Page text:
Posted on

RIGHT OF CENTRE: Is it time to let go?

Ryan Straughan

Social Share

This is quite a weighty subject sure to evoke emotion across the length and breadth of Barbados.   
In the 21st century, Government should concern itself with revitalizing key systems and institutions that will propel the country forward.
Enhancing both public education and health services will prove even more critical over the next 50-plus years in order to take full advantage of the already sizeable investment made in these areas.
Over the last 50 years, Government’s operations have grown exponentially with the establishment of various statutory corporations while population growth has been less dramatic.
There are two main areas where Government can relinquish responsibility: housing and transportation.  
The National Housing Corporation (NHC) has the potential to earn substantial revenue for Governments but has been mismanaged through political interference. The net result is that state-provided housing stock is grossly undervalued.  
More prudent financial management would have seen the corporation deliver more housing solutions without having to rely on Government transfers.
One possible solution would be a divestment programme that will seek out strategic private institution partners.
Given the collective human and financial resources in the labour and credit unions, Government could effectively engage these resources to provide housing nationally.
The rationale behind this proposal: to remove the political dimension and enable the corporation to achieve its objectives.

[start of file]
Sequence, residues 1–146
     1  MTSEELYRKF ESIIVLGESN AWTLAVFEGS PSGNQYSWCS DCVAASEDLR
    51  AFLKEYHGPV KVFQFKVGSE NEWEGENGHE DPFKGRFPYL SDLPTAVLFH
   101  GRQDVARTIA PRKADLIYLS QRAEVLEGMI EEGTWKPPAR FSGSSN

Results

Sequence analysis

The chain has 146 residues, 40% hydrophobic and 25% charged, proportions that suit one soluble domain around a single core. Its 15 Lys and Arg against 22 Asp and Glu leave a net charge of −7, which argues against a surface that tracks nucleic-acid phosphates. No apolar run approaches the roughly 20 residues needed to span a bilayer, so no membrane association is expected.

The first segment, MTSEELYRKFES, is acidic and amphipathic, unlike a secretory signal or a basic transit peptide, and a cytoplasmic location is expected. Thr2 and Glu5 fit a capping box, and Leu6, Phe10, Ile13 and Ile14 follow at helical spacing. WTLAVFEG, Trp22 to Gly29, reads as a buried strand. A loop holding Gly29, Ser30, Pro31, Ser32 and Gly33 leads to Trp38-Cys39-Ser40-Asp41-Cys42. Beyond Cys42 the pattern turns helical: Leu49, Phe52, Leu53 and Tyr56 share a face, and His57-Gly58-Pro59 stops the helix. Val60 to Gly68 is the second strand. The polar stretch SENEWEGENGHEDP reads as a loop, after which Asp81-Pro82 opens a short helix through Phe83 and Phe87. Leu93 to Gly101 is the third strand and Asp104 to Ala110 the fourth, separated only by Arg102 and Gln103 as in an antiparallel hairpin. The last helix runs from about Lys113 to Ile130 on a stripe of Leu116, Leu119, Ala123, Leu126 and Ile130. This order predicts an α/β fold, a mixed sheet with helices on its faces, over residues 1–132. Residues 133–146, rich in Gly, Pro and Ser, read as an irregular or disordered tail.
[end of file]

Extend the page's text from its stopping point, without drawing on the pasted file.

The Barbados Transport Board (BTB) is a vexing problem not dissimilar from the NHC. Any privatization or divestment has to be done in the context of fixing the entire transportation system.
Any decision to privatize should not be viewed in terms of how many pensioners or school-age children require state-sponsored transportation today.
Careful analysis of demographic trends reveals an ageing yet increasingly mobile population, thus in 50 years there will be little need to provide this benefit.
At the same time, ever increasing strides in technology could completely revolutionize the delivery of education in 50 years and thereby negate the need for mass state transportation to and from schools.
The purpose of divestment would only be part of remedying the chaotic nature of the transportation system.
In the absence of either a foreign exchange and/or fiscal crisis forcing Government to take these steps as was the case in 1991, a lot clearly depends on the maturity of the electorate’s and politicians’ thinking beyond any pending election.   
The BES contends that revenue-generating corporations should be put on a sound financial footing to reduce their dependence on the central budgeting process.
Failing to do so would continue the drag on the economy and reduce the investment in education and health that would further Barbados’ climb up all the development indices.